However, the next section of the document indicates that the scale is 341 to 850 (the bar graph of the distribution is captioned “FICO® Credit Score Range”).

That is illogical, but begs an illogical question.  What percentage of the credit scores in the population range from 300 to 340?


Greg Fisher
The Credit Scoring Site
creditscoring.com
PO Box 342
Dayton, Ohio  45409-0342

Not almost 30 percent

“Keeping revolving credit low can have a positive impact on an individual’s credit score, since this accounts for almost 30 percent of a typical score.”  – A Fair Isaac press release, December, 2012

Let’s say we have 100 loaves of bread. There are two categories: Baked, and not yet baked (still dough).

There are 30 loaves in the baked category, and there are 6 types of loaves within that 30:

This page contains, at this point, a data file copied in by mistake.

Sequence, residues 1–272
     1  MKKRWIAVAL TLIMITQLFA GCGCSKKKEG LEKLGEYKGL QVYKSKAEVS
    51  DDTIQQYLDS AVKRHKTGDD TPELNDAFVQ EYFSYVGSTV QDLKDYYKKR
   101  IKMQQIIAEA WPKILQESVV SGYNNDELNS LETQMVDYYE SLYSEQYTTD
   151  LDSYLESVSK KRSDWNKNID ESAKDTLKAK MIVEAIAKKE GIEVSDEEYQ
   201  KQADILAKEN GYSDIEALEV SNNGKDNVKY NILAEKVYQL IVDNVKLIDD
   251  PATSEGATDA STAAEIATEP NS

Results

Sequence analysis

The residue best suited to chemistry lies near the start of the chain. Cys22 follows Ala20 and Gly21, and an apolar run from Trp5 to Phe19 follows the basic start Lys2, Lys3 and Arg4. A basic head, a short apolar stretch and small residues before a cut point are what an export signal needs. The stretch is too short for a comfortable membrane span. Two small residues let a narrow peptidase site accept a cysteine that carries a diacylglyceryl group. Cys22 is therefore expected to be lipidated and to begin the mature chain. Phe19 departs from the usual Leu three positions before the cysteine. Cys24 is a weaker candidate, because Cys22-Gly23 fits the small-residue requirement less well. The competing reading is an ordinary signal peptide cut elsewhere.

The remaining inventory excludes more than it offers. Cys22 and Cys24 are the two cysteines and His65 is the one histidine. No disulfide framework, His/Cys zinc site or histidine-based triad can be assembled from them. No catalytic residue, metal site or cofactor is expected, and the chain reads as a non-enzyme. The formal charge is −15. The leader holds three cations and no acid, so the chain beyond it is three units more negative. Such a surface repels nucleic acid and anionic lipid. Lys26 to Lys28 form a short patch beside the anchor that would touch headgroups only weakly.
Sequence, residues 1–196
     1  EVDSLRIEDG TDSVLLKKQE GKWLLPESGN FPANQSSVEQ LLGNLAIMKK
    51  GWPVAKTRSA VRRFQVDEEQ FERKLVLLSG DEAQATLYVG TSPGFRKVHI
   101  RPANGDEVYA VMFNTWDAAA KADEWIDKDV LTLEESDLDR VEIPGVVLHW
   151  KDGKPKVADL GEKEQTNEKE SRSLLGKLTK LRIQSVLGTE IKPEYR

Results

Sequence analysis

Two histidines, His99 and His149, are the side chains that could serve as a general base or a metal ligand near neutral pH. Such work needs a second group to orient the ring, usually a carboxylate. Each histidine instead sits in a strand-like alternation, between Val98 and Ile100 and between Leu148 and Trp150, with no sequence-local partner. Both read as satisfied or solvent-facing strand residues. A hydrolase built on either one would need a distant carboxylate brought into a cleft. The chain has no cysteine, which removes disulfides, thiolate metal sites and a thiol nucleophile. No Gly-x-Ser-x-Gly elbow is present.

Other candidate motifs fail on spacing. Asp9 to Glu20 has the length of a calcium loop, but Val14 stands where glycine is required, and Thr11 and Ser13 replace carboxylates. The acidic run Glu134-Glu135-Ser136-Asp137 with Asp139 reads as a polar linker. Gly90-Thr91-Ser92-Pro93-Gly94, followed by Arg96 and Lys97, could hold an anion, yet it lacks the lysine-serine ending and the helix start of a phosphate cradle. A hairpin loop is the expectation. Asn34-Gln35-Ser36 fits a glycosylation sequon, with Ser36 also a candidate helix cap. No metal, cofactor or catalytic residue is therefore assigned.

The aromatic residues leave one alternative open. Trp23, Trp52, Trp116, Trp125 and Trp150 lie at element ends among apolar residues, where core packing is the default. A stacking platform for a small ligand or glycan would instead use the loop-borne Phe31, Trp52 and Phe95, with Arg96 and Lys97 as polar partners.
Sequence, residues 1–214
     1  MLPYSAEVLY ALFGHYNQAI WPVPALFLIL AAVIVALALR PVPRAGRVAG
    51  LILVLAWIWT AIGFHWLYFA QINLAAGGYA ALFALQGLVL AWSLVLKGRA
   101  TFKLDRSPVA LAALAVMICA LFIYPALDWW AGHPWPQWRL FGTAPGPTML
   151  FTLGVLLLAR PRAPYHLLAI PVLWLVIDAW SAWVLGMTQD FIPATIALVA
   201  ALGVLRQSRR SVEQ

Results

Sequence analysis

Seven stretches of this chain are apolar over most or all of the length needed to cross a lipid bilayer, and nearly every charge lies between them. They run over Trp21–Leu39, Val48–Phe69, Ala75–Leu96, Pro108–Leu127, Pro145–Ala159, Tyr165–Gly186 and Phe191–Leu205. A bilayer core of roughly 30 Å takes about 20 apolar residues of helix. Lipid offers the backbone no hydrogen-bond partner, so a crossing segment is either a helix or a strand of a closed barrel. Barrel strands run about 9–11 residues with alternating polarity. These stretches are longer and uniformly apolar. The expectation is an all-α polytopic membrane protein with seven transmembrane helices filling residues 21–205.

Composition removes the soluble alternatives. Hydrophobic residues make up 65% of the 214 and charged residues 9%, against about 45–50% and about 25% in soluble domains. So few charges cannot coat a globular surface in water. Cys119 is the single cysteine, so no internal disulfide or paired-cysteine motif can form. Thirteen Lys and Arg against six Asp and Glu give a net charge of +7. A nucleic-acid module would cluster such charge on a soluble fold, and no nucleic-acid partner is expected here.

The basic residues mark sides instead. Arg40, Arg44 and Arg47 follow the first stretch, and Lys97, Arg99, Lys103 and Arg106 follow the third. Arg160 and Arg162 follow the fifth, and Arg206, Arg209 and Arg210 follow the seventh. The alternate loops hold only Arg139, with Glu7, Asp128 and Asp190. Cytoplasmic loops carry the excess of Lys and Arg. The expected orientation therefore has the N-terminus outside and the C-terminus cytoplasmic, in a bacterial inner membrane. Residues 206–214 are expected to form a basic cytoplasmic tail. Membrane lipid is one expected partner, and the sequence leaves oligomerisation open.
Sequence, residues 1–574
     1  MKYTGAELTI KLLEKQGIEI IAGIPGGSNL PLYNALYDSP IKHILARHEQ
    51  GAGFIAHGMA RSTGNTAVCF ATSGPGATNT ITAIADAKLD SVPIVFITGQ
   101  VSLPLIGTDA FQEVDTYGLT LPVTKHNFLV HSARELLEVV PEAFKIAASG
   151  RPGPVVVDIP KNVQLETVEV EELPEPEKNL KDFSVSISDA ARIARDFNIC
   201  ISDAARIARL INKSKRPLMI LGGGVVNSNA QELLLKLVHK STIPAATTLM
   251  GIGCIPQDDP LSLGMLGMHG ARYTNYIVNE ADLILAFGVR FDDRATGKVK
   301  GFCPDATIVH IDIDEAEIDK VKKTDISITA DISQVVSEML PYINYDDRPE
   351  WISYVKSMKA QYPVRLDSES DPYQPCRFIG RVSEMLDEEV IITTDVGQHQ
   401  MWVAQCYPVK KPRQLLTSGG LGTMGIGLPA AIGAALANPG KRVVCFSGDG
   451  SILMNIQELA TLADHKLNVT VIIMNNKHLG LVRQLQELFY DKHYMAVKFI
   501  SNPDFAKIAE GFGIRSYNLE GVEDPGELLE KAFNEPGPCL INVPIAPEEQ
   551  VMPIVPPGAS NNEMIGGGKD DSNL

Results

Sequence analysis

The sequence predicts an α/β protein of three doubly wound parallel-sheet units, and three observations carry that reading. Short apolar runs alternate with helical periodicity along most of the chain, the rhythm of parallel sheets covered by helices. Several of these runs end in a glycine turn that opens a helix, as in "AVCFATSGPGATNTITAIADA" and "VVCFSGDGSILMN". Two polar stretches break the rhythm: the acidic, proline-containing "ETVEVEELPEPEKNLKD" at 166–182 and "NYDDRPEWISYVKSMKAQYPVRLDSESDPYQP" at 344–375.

1   white
1   wheat
1   sourdough
1   French
25  rye
1   multigrain
------------
30  TOTAL

If we add the 70 loaves that are not yet baked, the total is 100.

1   white
1   wheat
1   sourdough
1   French
25  rye
1   multigrain
70  not yet baked
----------
100 TOTAL

Is it honest to say that almost 30 percent of the loaves are rye?

CFPB on checking your credit score at least once a year

From: Greg Fisher [mailto:greg@creditscoring.com]
Sent: Wednesday, December 12, 2012 11:03 AM
To: Michelle Person, spokesperson, U.S. Consumer Financial Protection Bureau
Cc: Richard Cordray, director, U.S. Consumer Financial Protection Bureau (via press office); Mallory McLean, press assistant, U.S. Consumer Financial Protection Bureau; Moira Vahey, spokesperson, U.S. Consumer Financial Protection Bureau
Subject: RE: Who changed the name of our Consumer Financial Protection Bureau?, checking your credit score

One of your “STEPS TO GET AND KEEP A GOOD CREDIT SCORE” is “GET YOUR FREE CREDIT REPORT EVERY YEAR.”  In it, you state, “Tip: You don’t have to buy your credit score. The information you receive from the agencies is adequate.”